Chemical elements
    Physical Properties
    Chemical Properties
    Atomic Weight
      Hydrogen Telluride
      Tellurium Tetrafluoride
      Tellurium Hexafluoride
      Tellurium Oxyfluorides
      Tellurium Dichloride
      Tellurium Tetrachloride
      Tellurium Perchlorate
      Tellurium Dibromide
      Tellurium Tetrabromide
      Tellurium Oxybromides
      Tellurium Tetra-iodide
      Tellurium Monoxide
      Tellurium Dioxide
      Tellurium Trioxide
      Telluric Acids
      Tellurium Disulphide
      Tellurium-Sulphur Sesquioxide
      Tellurium Sulphates
      Telluropentathionic Acid
      Tellurium Nitride
      Tellurium Nitrite
      Basic Tellurium Nitrate
      Carbon Sulphidotelluride
      Tellurium Dicyanide
    PDB 1el7-4fon

Tellurium Tetra-iodide, TeI4

Tellurium Tetra-iodide, TeI4 may be prepared in a very pure state by heating together finely divided tellurium and excess of iodine and allowing the product to cool slowly. The excess of iodine may be removed by extracting with carbon tetrachloride.

The tellurium tetra-iodide may also be formed from the dioxide and concentrated hydriodic acid. Telluric acid gives a similar result. The resulting halide may separate as such or in needles of an additive compound, HI.TeI4.8H2O, which gives a residue of tetra-iodide when warmed to 50°- 60° C.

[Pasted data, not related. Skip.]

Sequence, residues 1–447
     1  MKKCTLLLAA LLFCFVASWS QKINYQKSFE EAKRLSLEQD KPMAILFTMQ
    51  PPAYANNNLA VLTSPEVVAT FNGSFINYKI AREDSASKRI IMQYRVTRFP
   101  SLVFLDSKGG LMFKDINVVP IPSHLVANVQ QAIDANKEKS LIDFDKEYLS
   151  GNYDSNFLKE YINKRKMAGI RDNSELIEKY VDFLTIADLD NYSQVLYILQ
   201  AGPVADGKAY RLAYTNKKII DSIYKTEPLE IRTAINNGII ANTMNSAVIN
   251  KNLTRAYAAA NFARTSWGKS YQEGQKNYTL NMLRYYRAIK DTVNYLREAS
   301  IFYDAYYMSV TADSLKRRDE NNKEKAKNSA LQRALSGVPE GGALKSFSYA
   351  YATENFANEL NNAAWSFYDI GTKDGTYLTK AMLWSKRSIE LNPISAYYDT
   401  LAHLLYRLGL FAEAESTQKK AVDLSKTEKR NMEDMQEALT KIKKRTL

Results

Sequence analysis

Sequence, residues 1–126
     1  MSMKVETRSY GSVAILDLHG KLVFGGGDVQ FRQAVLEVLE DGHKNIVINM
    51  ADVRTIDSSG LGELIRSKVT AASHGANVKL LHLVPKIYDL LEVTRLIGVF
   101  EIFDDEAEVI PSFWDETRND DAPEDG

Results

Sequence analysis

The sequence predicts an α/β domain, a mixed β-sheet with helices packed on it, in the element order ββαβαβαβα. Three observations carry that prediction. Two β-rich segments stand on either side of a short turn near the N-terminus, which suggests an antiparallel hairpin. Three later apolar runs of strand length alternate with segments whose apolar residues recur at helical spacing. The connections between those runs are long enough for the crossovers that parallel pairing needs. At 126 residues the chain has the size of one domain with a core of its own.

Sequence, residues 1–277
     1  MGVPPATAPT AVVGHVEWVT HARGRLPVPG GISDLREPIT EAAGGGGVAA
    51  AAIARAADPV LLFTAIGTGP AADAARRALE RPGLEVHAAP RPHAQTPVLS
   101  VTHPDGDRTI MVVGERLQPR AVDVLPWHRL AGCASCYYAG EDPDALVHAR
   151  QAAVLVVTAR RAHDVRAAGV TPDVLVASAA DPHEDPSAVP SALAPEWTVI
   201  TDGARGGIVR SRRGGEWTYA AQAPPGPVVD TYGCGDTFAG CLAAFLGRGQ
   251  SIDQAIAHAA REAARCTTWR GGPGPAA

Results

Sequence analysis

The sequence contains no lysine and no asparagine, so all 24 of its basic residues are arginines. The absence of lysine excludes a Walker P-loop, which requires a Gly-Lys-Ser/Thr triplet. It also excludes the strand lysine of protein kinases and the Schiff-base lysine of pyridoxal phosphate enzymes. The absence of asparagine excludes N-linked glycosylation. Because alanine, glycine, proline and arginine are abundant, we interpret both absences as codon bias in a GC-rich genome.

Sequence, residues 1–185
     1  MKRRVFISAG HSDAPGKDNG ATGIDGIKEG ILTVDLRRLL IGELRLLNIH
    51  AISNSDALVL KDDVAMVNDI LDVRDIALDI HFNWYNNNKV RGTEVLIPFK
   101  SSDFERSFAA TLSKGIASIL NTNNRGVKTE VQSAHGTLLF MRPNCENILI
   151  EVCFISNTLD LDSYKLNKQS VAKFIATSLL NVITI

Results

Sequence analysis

The tetra-iodide forms small, brilliant, black crystals, having a density of 5.05 at 15° C. When heated above 100° C. it dissociates into tellurium and iodine. When dissolved in excess of iodine it appears probable that part of the iodide is in a bimolecular condition. It is unattacked by moist air, but is slowly decomposed by cold water, and on warming, hydrolysis occurs with the formation of an oxy-iodide of uncertain composition; on boiling with water complete hydrolysis to hydrogen iodide is effected:

TeI4 + 3H2O = H2TeO3 + 4HI.

It is sparingly soluble in alcohol and acetone, insoluble in ether, chloroform and carbon disulphide. Alkalis and ammonia in aqueous solution readily dissolve it. It is also soluble in a solution of hydriodic acid.

Analogous with the tetrachloride and tetrabromide, additive compounds are formed by the tetra-iodide with the alkali iodides. The telluri-iodides, of the general formula X2TeI6, are black, crystalline substances, which, like the tellurichlorides and telluribromides, generally crystallise in the regular system when anhydrous. They are decomposed by water in the same way as the tetra-iodide, although they are soluble without decomposition in concentrated hydriodic acid. It has not been found possible to obtain the corresponding di-hydrogen tellurium hexa-iodide. By the interaction of tellurium tetra-iodide, iodine and hydriodic acid in a sealed tube, the only product is a substance having the composition TeI4.HI.8H2O.

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